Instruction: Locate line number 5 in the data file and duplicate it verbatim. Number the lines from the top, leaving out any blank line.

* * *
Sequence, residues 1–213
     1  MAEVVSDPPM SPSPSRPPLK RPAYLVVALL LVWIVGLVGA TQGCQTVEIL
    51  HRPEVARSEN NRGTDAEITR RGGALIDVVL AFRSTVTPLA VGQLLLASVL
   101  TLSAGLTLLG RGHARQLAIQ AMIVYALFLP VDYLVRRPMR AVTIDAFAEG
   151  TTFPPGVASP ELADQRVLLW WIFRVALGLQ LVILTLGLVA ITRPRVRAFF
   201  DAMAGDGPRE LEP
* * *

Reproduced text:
   151  TTFPPGVASP ELADQRVLLW WIFRVALGLQ LVILTLGLVA ITRPRVRAFF